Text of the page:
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The Folklore Center Celebrates Its 20th Anniversary!!

Published Wednesday, November 1, 2017 2:30 am

Howdy! Come In and sit a spell! Have you wondered what these buildings are doing here?

Well, if you pretend and look out the window, you might see Marie shooing the hens away to let the doodles peck the corn grains she shelled. Pam is carrying an armload of stove wood from the stack. Inez is over poking the fire and cutting apples for a pie. Tonight, we are going to have a platter of ham that Dad smoked. You probably have questions! Who would have lived here? How would they have gotten here?

This cabin is typical of a fine home on a small farm in the early 19th century in rural Alabama. How did it get here on a 21st Century school campus?

The Hoover Historical Society Folklore Center is located on the campus of the Bluff Park Elementary School in Hoover, Alabama.

The Folklore Center buildings and grounds were dedicated on November 9,1997, to help children better understand a 19th century small farm and family participation.

The setting is primarily early Alabama in the 1840s. Period furnishings and equipment are used wherever possible. The focal point of the Folklore Center is the two-story house of hand-hewn logs known as the Stinson Ole Place.

The house originally stood in rural Shelby County on a wooden plank road called the Columbiana Turnpike. Under the leadership of Jack Crouch and Charles Shelby, the house was dismantled log-by-log, and rebuilt on the Bluff Park Elementary School campus.

The house was furnished with items donated by members of the HHS and by funding provided by the City of Hoover. There is an outhouse, a watering trough, a springhouse, a plumping mill, a smoke house, a corncrib, and a small barn. A split rail fence surrounds the house. Jack Crouch nailed a red boot on the fence that could have served as a rural mailbox. A swept yard, two herb gardens, and a grassy area complete the fenced area.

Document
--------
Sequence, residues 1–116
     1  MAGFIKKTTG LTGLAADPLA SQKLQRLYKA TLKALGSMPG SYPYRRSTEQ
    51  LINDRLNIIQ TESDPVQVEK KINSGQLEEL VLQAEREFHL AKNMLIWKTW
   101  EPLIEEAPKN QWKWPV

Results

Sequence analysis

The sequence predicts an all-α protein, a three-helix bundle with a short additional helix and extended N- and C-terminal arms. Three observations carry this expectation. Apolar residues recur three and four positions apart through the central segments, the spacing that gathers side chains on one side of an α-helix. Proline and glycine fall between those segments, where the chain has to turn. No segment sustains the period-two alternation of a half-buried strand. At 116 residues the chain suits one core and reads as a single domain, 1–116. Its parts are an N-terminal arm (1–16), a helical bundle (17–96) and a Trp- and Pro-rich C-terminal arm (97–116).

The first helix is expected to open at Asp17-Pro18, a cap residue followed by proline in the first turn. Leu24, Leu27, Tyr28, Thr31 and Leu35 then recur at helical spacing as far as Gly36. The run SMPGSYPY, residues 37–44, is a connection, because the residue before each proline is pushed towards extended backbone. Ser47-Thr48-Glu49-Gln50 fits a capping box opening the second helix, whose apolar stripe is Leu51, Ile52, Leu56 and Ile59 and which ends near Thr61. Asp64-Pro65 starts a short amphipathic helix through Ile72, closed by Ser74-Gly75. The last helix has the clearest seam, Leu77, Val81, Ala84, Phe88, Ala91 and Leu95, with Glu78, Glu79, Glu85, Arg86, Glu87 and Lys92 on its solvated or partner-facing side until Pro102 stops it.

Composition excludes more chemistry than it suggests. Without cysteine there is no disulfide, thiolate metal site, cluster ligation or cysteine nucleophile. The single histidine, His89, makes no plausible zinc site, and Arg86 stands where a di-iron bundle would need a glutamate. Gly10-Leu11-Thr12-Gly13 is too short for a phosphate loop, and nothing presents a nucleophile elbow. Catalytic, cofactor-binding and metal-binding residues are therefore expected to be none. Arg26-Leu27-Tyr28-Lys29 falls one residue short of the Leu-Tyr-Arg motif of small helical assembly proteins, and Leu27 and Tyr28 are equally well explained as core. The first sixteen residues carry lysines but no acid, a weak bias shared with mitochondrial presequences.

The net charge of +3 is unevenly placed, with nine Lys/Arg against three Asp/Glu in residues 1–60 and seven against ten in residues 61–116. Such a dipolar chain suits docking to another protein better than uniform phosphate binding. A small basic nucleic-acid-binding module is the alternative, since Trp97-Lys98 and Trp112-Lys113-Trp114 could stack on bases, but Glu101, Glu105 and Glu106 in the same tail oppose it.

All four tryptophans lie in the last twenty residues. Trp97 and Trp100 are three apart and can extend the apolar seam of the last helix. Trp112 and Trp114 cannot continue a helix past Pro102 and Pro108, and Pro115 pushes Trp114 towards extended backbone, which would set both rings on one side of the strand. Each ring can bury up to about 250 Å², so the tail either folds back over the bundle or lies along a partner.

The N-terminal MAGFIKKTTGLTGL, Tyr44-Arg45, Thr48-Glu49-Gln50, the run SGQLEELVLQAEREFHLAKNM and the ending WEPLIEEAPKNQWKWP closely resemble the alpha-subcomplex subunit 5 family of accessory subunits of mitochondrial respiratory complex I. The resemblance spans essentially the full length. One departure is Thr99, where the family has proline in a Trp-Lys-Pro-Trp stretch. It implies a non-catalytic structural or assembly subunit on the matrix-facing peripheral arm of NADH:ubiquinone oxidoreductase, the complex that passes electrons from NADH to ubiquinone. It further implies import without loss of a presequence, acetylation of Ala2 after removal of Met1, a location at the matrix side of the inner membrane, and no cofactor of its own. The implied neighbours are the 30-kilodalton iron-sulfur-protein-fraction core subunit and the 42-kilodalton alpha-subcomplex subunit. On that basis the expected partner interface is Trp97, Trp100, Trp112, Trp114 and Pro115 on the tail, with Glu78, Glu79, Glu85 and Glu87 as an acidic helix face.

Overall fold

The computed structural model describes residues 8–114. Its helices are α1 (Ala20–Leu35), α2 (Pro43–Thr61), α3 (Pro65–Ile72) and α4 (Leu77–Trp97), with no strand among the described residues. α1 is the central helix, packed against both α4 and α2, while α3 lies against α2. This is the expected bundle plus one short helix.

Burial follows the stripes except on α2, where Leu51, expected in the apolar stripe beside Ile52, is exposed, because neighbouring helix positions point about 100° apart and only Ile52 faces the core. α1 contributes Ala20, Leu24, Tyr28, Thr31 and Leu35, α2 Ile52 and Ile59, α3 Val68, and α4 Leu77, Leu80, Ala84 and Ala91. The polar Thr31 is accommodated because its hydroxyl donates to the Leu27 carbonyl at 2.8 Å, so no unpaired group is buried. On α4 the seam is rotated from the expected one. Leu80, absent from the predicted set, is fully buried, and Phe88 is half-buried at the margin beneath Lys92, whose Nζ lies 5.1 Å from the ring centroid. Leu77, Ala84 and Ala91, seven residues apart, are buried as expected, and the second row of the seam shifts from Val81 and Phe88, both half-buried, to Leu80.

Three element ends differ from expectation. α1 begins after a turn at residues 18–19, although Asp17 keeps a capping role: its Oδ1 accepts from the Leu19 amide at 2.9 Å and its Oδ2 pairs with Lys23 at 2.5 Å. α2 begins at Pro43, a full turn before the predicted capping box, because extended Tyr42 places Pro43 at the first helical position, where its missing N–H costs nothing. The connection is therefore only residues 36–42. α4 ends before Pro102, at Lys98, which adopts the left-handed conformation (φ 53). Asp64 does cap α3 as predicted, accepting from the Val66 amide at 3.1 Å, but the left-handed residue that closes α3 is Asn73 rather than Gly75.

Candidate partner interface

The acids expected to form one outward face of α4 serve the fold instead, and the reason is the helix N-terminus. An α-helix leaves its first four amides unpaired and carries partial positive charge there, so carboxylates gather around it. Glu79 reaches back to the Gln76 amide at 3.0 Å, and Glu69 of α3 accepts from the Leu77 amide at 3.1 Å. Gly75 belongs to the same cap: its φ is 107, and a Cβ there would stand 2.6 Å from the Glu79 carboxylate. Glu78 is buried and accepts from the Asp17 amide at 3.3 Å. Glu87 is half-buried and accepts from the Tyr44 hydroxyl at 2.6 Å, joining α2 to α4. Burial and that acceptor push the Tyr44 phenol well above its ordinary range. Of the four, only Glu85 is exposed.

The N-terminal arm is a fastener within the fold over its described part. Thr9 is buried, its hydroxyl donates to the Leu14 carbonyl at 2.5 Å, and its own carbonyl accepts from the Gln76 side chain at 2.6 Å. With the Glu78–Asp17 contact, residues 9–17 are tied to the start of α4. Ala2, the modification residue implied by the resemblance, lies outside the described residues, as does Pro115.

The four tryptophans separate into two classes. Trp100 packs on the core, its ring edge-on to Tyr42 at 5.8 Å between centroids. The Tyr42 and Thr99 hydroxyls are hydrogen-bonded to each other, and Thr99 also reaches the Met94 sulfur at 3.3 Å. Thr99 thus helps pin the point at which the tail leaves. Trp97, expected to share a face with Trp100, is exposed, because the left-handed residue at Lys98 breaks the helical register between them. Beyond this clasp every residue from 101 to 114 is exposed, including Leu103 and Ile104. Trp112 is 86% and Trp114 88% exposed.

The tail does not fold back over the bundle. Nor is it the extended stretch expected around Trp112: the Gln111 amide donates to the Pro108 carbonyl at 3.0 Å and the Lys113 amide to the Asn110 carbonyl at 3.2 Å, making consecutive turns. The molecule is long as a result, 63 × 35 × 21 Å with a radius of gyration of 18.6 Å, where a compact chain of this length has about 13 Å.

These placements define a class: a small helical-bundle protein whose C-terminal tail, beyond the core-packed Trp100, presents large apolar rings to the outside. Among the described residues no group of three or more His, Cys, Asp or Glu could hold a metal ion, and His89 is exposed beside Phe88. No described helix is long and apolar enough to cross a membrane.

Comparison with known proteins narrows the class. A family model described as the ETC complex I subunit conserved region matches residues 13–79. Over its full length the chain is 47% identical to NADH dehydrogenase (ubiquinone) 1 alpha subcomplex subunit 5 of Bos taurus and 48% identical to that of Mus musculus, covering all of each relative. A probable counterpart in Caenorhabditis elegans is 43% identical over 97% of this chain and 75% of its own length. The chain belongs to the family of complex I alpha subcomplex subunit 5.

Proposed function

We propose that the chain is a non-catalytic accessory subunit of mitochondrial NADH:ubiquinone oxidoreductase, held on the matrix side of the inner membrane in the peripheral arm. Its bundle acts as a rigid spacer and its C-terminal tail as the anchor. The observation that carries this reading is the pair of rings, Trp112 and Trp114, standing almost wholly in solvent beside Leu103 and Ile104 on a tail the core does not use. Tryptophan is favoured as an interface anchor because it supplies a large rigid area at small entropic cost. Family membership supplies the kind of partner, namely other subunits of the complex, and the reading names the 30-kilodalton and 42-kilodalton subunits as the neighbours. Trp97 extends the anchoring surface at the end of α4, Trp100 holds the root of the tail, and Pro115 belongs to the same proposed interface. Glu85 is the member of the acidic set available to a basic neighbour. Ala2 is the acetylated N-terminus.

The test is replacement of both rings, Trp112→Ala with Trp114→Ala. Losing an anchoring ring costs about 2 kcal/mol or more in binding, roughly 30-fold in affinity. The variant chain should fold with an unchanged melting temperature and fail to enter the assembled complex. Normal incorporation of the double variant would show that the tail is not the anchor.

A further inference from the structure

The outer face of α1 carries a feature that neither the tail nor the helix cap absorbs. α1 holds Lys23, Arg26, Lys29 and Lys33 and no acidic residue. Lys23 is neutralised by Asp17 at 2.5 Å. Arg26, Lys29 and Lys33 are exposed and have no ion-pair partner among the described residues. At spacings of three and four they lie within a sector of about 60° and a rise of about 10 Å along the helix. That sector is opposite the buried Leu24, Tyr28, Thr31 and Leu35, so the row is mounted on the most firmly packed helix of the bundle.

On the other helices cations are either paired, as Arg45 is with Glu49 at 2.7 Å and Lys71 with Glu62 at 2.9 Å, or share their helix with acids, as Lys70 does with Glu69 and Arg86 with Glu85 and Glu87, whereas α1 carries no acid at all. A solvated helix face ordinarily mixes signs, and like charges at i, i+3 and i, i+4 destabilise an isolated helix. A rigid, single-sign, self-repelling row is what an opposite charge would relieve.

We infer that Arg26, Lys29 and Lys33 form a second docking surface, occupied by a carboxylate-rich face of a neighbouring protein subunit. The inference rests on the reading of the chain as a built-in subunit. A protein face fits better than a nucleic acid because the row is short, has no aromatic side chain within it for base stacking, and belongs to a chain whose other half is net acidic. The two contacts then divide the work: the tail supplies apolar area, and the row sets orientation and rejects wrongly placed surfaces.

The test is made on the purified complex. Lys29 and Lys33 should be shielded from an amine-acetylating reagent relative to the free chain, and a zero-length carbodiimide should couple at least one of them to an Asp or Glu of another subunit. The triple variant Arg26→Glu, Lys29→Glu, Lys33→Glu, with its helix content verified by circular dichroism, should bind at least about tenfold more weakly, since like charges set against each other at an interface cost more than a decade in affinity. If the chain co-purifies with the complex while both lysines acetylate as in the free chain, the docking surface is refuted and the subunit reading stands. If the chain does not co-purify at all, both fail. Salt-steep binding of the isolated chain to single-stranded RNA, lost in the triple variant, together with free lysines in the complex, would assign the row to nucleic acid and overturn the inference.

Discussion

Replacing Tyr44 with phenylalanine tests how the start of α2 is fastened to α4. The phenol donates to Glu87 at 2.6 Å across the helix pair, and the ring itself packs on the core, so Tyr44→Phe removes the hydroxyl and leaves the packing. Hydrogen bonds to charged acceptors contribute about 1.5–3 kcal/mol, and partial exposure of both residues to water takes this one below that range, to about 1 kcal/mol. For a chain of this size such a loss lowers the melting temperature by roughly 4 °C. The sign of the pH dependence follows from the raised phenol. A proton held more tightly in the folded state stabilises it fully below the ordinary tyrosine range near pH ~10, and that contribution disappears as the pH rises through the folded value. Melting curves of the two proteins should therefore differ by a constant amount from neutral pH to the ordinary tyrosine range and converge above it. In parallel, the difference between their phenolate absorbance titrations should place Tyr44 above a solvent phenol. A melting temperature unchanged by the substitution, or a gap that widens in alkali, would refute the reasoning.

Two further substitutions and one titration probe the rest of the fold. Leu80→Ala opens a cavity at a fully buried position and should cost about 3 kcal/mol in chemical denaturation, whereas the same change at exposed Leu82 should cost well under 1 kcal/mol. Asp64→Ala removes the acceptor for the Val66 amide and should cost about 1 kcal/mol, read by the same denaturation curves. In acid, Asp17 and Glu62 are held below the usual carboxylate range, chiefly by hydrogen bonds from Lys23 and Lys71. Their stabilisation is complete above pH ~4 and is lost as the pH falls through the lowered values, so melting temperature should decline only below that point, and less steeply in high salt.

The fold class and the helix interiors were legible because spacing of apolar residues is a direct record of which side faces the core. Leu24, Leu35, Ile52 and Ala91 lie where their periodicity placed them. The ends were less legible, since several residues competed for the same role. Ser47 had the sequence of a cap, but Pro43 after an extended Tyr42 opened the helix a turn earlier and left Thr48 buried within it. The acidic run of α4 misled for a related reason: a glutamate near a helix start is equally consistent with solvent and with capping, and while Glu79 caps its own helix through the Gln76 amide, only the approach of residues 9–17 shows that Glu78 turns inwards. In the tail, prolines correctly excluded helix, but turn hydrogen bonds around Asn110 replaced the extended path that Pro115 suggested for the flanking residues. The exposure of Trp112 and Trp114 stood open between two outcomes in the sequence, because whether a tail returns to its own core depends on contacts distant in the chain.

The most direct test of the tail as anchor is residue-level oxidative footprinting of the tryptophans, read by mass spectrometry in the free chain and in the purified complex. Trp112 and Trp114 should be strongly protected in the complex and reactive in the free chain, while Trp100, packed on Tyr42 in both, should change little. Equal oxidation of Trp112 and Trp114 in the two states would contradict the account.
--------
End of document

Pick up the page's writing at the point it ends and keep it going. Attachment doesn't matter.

How to best use this Folklore Center?

The HHS under the leadership of its president, Beth Kinsaul, set up a committee of interested members of the HHS, including active and retired teachers. The committee traveled to Montgomery to see how archives were stored properly.

They visited Old Alabama Town and spoke with artisans and docents. The group dissected The Alabama Course of Study. It was decided that first graders and fifth graders would be the target groups to invite to the Folklore Center.

Suggested activities, props, and conversation starters were offered to the volunteer docents during the first few years. The HHS paid for artisans to share their expertise with school groups such as an instrument maker; a mountain man; a potter; a weaver; a spinner; a basket weaver; a spinner; a basket maker; a soap maker; etc.

The Birmingham Quilter's Guild has been a steadfast group through the years, allowing each child the opportunity to stitch a quilted square. Peggy Sturdivant and Jack Crouch helped the volunteers develop scripts that encouraged the audience to join in a discussion about the family life on a small farm. Through the years, the names and faces of volunteers have changed, but it is the hope of those who have worked with the Scouts, Garden Clubs, Home School groups, and school groups that all will feel a connection with how our lives are different today.

The Stinson Ole Place helps students gain a better appreciation of the events that led to settlers arriving in this area. How did they get here? Why did they come here? Two common questions asked when touring the cabin are: “What do you see in this cabin that you would not find in your home?” and “What’s in your bedroom that you do not see in this bedroom?”

Doug Harkness has carried on Jack Crouch and Charles Shelby's leadership role in inspiring docents to encourage the audience to play an active part in their tour. Making soap, singing a song, pacing an acre, handling tools, stitching, and finding answers to an Itty Bitty Scavenger Hunt.

Our storytellers have typically entertained, and also educated the listeners about how food was preserved or how families survived hardships. As we celebrate the 20th year that our HHS has offered tours we love to say, “It’s always a great day on the Bluff for a field trip to the Hoover Folklore Center.”

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